Fitzgerald's Repeating His Outrageous Behavior

Illinois Gov. Rod Blagojevich's "conduct would make Lincoln roll over in his grave," according to U.S. Attorney Patrick Fitzgerald. But Mr. Fitzgerald's statement would, at the very least, make well-regarded former Attorney General Robert Jackson flinch in his. Almost seven decades ago, Jackson admonished a meeting of U.S. attorneys that they should be dedicated "to the spirit of fair play and decency . . . . A sensitiveness to fair play and sportsmanship is perhaps the best protection against the abuse of power . . . ."

In the Dec. 9 press conference regarding the federal corruption charges against Gov. Blagojevich and his chief of staff, Mr. Fitzgerald violated the ethical requirement of the Justice Department guidelines that prior to trial a "prosecutor shall refrain from making extrajudicial comments that pose a serious and imminent threat of heightening public condemnation of the accused." The prosecutor is permitted to "inform the public of the nature and extent" of the charges. In the vernacular of all of us who practice criminal law, that means the prosecutor may not go "beyond the four corners" -- the specific facts -- in the complaint or indictment. He may also provide any other public-record information, the status of the case, the names of investigators, and request assistance. But he is not permitted to make the kind of inflammatory statements Mr. Fitzgerald made during his media appearance.
She's not alone in raising an eyebrow. Professor Glenn Reynolds (Instapundit to his many fans) says:
SO, DO WE BELIEVE IN RAHM EMANUEL’S INNOCENCE, OR NOT? Personally — not that I have any inside knowledge — I doubt that Emanuel has done anything actually wrong. (He may conceivably have done something that might be considered a crime in Fitzgeraldland, but you could say that about pretty much anyone). Emanuel’s smart, as even his critics acknowledge, and surely too smart to get sucked into Blagojevich’s lowbrow deal-making. At least, I’d be surprised to hear otherwise.
So far, he's repeated his outragous conduct in the Libby case: A misleading, highly prejudicial press conference announcing the charges; suggestions that conduct is illegal when it is not (See discussion -- indeed, it is  often standard politics which he is attempting to criminalize; and (as Victoria also notes) his people are leaking material which they have an obligation to keep secret at this point.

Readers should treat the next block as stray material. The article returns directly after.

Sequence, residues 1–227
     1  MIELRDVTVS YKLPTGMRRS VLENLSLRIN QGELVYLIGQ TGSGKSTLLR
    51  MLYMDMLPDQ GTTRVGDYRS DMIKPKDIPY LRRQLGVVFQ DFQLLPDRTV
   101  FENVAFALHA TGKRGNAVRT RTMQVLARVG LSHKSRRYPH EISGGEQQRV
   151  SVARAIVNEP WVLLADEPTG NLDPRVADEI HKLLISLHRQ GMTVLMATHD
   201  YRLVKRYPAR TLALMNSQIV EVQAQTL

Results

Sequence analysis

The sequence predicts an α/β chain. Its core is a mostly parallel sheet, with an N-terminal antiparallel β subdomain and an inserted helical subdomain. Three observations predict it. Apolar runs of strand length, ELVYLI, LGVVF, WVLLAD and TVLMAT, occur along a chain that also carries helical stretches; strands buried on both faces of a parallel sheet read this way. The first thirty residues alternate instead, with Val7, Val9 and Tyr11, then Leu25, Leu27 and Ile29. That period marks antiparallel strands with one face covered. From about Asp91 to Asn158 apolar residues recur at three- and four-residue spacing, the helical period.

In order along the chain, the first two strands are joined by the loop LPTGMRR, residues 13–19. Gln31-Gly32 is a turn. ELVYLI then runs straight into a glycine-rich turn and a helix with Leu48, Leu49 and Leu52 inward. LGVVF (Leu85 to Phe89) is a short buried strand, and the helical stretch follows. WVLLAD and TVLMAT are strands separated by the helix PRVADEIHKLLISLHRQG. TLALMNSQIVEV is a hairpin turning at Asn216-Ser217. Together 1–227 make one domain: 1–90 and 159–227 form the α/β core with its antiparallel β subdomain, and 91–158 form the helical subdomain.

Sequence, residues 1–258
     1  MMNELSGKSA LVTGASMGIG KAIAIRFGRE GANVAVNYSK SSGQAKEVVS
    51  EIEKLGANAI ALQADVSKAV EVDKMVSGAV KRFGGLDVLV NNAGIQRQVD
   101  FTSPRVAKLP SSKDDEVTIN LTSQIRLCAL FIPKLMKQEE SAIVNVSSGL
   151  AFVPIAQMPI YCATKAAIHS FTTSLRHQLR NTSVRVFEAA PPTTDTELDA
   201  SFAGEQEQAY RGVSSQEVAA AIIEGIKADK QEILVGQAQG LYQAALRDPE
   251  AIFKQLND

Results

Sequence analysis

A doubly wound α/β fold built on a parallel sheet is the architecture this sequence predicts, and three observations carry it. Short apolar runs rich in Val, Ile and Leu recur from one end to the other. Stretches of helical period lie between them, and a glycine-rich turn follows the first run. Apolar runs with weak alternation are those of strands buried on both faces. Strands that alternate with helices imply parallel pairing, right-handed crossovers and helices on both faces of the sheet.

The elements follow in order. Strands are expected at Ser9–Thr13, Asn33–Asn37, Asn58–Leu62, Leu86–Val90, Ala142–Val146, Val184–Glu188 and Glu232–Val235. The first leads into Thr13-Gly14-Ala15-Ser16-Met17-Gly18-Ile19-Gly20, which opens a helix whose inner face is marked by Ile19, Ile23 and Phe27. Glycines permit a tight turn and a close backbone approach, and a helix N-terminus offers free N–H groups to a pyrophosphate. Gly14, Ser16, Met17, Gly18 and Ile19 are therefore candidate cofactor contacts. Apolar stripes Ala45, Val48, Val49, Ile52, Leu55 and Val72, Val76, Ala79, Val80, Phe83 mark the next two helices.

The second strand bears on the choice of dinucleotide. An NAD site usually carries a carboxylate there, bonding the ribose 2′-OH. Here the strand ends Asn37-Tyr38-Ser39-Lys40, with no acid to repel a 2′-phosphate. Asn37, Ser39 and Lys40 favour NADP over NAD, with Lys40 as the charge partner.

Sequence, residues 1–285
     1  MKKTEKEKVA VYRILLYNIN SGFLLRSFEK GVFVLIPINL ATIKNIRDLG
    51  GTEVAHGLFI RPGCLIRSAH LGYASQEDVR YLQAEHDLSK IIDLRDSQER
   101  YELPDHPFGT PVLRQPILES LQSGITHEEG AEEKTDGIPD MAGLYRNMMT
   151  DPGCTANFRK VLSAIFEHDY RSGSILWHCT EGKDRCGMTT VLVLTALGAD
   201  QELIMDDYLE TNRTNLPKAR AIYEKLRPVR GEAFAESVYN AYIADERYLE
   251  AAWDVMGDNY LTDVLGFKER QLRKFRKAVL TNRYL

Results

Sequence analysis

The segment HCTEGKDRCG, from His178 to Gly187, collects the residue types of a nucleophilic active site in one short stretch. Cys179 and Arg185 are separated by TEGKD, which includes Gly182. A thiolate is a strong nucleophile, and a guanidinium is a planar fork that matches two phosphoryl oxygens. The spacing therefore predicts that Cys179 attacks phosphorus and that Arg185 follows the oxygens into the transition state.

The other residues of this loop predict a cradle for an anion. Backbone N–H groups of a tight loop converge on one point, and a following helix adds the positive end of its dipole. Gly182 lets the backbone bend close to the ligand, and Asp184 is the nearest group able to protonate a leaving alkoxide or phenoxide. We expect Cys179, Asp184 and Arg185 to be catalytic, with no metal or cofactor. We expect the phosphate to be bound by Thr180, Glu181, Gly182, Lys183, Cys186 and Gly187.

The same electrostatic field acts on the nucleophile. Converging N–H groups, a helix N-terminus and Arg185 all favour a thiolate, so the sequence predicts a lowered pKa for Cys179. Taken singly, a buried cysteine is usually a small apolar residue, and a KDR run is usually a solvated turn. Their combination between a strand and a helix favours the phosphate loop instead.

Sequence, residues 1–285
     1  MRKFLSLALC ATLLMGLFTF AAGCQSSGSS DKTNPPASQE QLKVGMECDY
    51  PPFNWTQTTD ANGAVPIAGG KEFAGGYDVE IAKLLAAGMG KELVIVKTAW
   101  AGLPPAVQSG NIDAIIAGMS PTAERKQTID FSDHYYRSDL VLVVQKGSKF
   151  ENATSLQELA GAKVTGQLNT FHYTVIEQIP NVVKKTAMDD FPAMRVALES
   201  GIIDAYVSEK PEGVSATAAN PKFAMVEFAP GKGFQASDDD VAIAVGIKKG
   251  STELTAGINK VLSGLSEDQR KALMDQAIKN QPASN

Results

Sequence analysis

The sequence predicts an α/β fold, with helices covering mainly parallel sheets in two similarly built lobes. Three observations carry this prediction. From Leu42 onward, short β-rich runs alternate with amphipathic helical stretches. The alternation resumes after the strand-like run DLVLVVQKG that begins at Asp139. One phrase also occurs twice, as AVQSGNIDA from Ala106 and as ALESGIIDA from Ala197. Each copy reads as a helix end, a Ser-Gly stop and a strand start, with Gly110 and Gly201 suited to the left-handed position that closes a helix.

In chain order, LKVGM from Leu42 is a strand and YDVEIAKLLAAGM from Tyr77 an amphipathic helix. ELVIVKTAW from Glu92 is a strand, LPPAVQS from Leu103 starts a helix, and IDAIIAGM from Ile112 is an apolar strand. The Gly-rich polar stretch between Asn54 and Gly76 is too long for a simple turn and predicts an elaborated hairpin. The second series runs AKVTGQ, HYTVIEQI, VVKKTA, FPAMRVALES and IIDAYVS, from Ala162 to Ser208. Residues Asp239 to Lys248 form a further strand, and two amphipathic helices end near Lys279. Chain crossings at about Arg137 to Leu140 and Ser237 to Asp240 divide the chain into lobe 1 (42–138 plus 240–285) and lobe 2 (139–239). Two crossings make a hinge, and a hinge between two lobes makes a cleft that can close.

I don't like Blagojevich or any of this case of characters much, but this kind of behavior does not advance the cause of justice.

Illinois Gov. Rod Blagojevich's "conduct would make Lincoln roll over in his grave," according to U.S. Attorney Patrick Fitzgerald. But Mr. Fitzgerald's statement would, at the very least, make well-regarded former Attorney General Robert Jackson flinch in his. Almost seven decades ago, Jackson admonished a meeting of U.S. attorneys that they should be dedicated "to the spirit of fair play and decency . . . . A sensitiveness to fair play and sportsmanship is perhaps the best protection against the abuse of power . . . ."

In the Dec. 9 press conference regarding the federal corruption charges against Gov. Blagojevich and his chief of staff, Mr. Fitzgerald violated the ethical requirement of the Justice Department guidelines that prior to trial a "prosecutor shall refrain from making extrajudicial comments that pose a serious and imminent threat of heightening public condemnation of the accused." The prosecutor is permitted to "inform the public of the nature and extent" of the charges. In the vernacular of all of us who practice criminal law, that means the prosecutor may not go "beyond the four corners" -- the specific facts -- in the complaint or indictment. He may also provide any other public-record information, the status of the case, the names of investigators, and request assistance. But he is not permitted to make the kind of inflammatory statements Mr. Fitzgerald made during his media appearance.
She's not alone in raising an eyebrow. Professor Glenn Reynolds (Instapundit to his many fans) says:
SO, DO WE BELIEVE IN RAHM EMANUEL’S INNOCENCE, OR NOT? Personally — not that I have any inside knowledge — I doubt that Emanuel has done anything actually wrong. (He may conceivably have done something that might be considered a crime in Fitzgeraldland, but you could say that about pretty much anyone). Emanuel’s smart, as even his critics acknowledge, and surely too smart to get sucked into Blagojevich’s lowbrow deal-making. At least, I’d be surprised to hear otherwise.
So far, he's repeated his outragous conduct in the Libby case: A misleading, highly prejudicial press conference announcing the charges; suggestions that conduct is illegal when it is not (See discussion -- indeed, it is  often standard politics which he is attempting to criminalize; and (as Victoria also notes) his people are leaking material which they have an obligation to keep secret at this point.
I don't like Blagojevich or any of this case of characters much, but this kind of behavior does not advance the cause of justice.